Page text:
Engaged Learning


Photo of Guy Boysen, Ph.D.Guy Boysen, Ph.D.

Professor of Psychology

"The most valuable thinking skill I try to instill is the ability to ‘consider the opposite’. People get stuck in evaluating evidence using the lens of what they already believe, and they miss ideas that do not fit with their preexisting beliefs. So, I try to get students to consider both sides of arguments, opposing viewpoints, and scientific evidence that contradicts the ‘folk psychology’ of everyday life that is full of myths and misconceptions."

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Photo of J. Alan Alewine, Ph.D.

J. Alan Alewine, Ph.D.

Professor of Mathematics

"I still lecture, but I punctuate my lectures with questions I ask of the students, and I often ask for on-the-spot presentations from them. Sometimes I provide ‘teasers,’ as in, ‘Soon in this course, we will study a structure in which 1+1=0,’ which never fails to make at least one student exclaim, ‘Nah-ah!’ I particularly love leaving the teasers for the end of the class period."

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Photo of Jean Sampson, D.Mgt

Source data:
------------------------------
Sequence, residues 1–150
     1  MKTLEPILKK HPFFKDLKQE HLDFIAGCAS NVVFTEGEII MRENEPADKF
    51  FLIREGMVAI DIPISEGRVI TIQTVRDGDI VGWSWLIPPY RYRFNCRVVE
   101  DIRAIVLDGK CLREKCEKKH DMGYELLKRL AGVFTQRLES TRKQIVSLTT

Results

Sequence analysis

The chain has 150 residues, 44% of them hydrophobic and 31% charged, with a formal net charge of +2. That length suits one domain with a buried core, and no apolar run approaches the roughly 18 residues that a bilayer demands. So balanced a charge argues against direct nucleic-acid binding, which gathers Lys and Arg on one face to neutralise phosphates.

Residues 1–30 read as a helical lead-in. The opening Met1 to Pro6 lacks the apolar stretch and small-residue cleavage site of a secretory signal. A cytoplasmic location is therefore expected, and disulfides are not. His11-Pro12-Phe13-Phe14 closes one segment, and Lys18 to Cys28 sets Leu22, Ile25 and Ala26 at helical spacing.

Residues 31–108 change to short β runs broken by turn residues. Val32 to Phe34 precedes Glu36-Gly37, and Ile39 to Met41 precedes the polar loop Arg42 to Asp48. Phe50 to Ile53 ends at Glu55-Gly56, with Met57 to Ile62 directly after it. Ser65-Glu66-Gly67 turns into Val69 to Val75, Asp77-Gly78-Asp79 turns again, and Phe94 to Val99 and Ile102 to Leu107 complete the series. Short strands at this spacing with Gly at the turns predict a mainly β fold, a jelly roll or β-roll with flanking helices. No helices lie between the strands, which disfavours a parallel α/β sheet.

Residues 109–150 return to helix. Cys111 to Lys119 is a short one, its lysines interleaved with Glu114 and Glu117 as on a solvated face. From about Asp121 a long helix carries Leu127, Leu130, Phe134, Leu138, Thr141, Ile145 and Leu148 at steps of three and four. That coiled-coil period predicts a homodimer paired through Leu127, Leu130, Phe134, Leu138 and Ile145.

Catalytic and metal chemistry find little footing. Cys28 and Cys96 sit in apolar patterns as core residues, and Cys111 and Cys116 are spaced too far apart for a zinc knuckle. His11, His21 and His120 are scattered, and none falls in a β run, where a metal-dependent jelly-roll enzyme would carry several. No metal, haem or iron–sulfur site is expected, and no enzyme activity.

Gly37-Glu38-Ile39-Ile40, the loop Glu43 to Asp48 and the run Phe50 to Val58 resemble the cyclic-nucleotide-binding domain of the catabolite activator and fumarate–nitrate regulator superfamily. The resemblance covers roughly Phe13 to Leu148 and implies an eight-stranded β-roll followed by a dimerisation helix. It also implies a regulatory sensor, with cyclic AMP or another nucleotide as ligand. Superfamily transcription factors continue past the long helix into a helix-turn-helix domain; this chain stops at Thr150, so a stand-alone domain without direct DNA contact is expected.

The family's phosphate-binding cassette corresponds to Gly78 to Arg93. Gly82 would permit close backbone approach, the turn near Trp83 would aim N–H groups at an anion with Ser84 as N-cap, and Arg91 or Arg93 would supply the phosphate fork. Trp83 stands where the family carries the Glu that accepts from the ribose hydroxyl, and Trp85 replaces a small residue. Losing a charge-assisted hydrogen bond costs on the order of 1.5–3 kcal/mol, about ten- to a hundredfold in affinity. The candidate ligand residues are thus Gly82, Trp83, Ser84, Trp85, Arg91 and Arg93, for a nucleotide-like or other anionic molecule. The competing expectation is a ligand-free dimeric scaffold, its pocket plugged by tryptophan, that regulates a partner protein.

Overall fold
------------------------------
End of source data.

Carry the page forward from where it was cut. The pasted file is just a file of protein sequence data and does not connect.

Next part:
Jean M. Scheller-Sampson, D.Mgt.

Professor of Management & Marketing

"I try to have fun in class because I think students learn more when they are relaxed and have their hands at work on projects. I try to educate my students in a fun and relaxed atmosphere. They never sit in a desk the entire class time. We do many things such as cases, scavenger hunts, ‘Classroom Feud,’ Q & A, and many other projects to keep them going. I never lecture an entire class period!"

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Photo of Brenda Boudreau

Brenda Boudreau, Ph.D.

Professor of English

"I am excited about the research and writing I do and I bring this into the classroom in ways that I hope inspire students to see themselves as part of an intellectual community."

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